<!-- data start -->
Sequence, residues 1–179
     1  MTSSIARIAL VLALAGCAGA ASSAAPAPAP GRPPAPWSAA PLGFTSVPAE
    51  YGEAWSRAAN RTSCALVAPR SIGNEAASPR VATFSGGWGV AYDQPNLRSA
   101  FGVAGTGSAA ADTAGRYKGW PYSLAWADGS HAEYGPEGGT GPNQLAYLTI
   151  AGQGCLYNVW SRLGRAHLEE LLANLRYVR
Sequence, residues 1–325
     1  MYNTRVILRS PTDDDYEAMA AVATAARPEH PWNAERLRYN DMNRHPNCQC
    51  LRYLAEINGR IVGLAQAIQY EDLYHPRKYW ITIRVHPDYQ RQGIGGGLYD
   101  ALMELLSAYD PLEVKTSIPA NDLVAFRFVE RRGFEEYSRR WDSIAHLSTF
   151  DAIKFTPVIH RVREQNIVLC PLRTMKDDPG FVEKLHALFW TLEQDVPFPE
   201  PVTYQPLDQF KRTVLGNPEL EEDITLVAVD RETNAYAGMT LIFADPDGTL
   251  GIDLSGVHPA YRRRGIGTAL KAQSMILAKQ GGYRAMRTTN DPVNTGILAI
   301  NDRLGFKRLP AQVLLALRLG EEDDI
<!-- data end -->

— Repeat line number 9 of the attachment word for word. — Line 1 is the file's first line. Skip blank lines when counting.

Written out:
   101  ALMELLSAYD PLEVKTSIPA NDLVAFRFVE RRGFEEYSRR WDSIAHLSTF